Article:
October 08, 2014  •  Leave a Comment



Being in Jerusalem to celebrate the Feast of Tabernacles/Sukkot is a profound experience for us; and being who and how I am, I cannot resist a little teaching.

Upon leaving the synagogue after the concluding song, Ne'ilah, of Yom Kippur to walk home, one may well begin to hear the sounds of sukkah building as the time for mourning and repentance gives way to the time of joyful celebration of the Almighty's abundant provision. The month of Elul gives opportunity, and one is strongly encouraged to take it, to examine one's life in preparation for Yom Teruach, or the Feast of Trumpets, also known as Rosh HaShana, the Head of the New Year.

The ten Days of Awe, from Trumpets to Yom Kippur, are set aside for us to become aware of Almighty God, the Sovereign LORD God of Israel, through reflection, meditation and prayer; so we arrive at the fasts of Yom Kippur, the Day of Atonement, ready to stand before the Almighty and experience His Holiness. (I briefly wrote about this in the previous blog.)

Leviticus 16 describes the Day of Atonement as a day on which sacrifice is made by the High Priest, both for himself and for the people, before he makes his annual entry into the Holy of Holies in the Temple where the Shekinah Presence resides. Those whose atonement is firmly established, enter into the Holiness of God's Presence. God's people are called to be a Holy nation of priests who will take the LIGHT of the PRESENCE to all nations.

From here we have four days to prepare the sukkah for hospitality and to celebrate the abundant provision of harvest; to celebrate our PROVIDER, Yahweh Yireh. Through Moshe, He led His people through the desert and provided them with food, health and strength for the journey. 

Moses, in Deuteronomy 16, instructs the people regarding this Feast:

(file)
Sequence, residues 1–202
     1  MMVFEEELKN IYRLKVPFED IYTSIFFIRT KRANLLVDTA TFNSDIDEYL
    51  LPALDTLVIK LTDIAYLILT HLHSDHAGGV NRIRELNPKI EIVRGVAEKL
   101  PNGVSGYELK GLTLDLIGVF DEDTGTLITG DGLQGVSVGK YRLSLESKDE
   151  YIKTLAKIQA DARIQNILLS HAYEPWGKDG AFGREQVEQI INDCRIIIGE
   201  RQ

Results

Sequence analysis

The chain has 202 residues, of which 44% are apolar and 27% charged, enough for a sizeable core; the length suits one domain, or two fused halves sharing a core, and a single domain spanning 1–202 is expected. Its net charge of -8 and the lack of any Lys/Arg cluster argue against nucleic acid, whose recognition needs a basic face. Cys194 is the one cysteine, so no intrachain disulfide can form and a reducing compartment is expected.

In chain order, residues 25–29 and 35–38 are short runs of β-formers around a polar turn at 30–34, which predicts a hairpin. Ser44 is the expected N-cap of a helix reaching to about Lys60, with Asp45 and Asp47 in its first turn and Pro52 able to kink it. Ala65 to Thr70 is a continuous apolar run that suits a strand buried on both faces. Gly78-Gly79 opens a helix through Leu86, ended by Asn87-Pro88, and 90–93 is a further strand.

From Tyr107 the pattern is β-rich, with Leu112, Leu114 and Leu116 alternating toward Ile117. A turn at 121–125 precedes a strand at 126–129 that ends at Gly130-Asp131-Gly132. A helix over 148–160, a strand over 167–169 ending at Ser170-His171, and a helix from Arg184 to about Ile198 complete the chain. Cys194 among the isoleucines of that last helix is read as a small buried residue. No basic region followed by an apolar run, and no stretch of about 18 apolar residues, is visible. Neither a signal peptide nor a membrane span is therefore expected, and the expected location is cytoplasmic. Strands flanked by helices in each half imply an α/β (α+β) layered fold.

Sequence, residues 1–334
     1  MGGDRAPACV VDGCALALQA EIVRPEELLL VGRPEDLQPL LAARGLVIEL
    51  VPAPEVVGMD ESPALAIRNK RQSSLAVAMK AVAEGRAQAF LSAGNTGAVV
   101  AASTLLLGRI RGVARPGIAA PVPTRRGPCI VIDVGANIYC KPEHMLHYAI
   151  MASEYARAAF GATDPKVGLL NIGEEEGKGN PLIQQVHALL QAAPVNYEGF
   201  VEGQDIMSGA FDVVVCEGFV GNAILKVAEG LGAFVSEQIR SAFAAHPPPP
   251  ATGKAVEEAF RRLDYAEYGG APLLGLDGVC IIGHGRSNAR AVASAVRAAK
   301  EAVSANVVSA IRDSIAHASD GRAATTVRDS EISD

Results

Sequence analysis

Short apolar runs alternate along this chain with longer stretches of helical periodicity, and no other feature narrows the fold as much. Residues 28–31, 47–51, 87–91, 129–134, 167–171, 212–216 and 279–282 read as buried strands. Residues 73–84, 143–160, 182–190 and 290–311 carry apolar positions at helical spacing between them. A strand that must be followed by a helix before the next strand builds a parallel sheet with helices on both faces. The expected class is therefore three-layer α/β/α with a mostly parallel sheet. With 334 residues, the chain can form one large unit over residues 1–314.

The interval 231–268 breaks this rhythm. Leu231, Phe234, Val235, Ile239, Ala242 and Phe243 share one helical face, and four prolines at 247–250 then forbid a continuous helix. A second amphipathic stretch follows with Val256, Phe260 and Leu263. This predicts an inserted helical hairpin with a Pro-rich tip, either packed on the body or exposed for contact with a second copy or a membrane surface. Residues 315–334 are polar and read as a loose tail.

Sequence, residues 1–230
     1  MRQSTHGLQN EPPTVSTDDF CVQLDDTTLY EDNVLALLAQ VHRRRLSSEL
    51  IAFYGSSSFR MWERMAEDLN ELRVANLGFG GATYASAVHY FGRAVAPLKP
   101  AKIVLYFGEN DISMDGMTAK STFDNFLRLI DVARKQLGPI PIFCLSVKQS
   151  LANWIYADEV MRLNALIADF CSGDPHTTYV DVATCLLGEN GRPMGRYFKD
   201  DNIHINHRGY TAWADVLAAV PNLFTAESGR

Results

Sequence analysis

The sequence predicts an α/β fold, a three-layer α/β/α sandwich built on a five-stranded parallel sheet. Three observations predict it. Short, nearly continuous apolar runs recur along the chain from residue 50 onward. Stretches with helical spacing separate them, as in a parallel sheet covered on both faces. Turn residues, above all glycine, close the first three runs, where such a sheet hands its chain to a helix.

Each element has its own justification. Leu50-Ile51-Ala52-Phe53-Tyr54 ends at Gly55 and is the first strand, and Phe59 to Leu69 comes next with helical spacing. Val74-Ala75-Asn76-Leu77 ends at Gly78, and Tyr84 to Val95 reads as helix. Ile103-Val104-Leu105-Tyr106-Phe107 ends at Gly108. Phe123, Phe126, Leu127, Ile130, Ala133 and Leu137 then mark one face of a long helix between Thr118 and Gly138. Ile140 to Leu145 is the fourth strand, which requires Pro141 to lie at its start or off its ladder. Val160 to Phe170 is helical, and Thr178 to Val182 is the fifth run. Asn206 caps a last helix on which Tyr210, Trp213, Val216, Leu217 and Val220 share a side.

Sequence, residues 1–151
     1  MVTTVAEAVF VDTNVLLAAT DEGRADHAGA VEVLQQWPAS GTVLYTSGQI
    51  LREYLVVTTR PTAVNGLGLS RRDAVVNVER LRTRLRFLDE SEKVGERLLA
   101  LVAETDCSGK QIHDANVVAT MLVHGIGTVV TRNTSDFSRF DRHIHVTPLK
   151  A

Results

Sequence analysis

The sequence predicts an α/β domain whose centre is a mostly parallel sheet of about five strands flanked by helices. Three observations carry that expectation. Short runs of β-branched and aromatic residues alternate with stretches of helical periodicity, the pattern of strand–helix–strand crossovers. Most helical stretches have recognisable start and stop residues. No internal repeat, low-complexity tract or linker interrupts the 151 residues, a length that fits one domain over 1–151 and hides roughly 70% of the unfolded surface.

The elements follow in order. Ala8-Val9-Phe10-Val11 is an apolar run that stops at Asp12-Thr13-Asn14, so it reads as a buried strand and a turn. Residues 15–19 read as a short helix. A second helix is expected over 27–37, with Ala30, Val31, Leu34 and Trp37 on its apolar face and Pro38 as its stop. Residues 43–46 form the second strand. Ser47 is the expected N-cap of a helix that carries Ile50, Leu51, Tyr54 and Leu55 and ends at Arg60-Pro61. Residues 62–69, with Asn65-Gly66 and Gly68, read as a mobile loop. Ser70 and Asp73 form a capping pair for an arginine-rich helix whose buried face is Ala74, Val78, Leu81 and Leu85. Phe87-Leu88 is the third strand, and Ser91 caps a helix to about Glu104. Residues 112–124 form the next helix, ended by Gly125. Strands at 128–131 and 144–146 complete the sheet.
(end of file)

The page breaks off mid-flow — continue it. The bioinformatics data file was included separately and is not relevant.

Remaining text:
"Celebrate the Festival of Tabernacles for seven days after you have gathered the produce of your threshing floor and your winepress. Be joyful at your festival—you, your sons and daughters, your male and female servants, and the Levites, the foreigners, the fatherless and the widows who live in your towns. For seven days celebrate the festival to the Lord your God at the place the Lord will choose. For the Lord your God will bless you in all your harvest and in all the work of your hands, and your joy will be complete."

Finally it is time for JOY!

In fact, joy is commanded, "Be joyful at your festival...".

It has been pointed out to us that, although Sukkot commemorates and celebrates the desert Provision, and is related to the Passover/Pesach in Egypt, the Sovereign LORD chose to place it here, after Yom Kippur/Atonement. Why?

Perhaps this story from Nehemiah gives us a clue.

After Nehemiah finished rebuilding the walls of Jerusalem in the latter days of the month of Elul, and they approached the High Holy Days, Nehemiah and Ezra gather the people to hear the Law of Moses read to them. This is the first time since the return from exile that they have been secure enough to bring out the Torah and read it in public. The people weep to hear the words of their God read aloud to them.

Addressing the weeping people:

"Nehemiah the governor, Ezra the priest and teacher of the Law, and the Levites who were instructing the people said to them all, 'This day is holy to the Lord your God. Do not mourn or weep.' For all the people had been weeping as they listened to the words of the Law. Nehemiah said, 'Go and enjoy choice food and sweet drinks, and send some to those who have nothing prepared. This day is holy to our Lord. Do not grieve, for the joy of the Lord is your strength.'"

Following this reading, Ezra and Nehemiah prepare everyone for the Feast of Tabernacles, the time of JOY.

Much as we may weep and prostrate ourselves before the Sovereign LORD as we hear and absorb His word, His will for us is to live in JOY, in fact, as Nehemiah and Ezra tell us, "the joy of the LORD is your [our] strength", and since the Joy belongs to our God, it cannot but be STRENGTH in us.

So these last few days we have observed the joyful preparations of the sukkah, the meticulous searching for just the right etrog, and the perfect palm branch, myrtle and willow for the lulav, the bundle of these three, that is waved in a ritual of joy every day of Sukkot.




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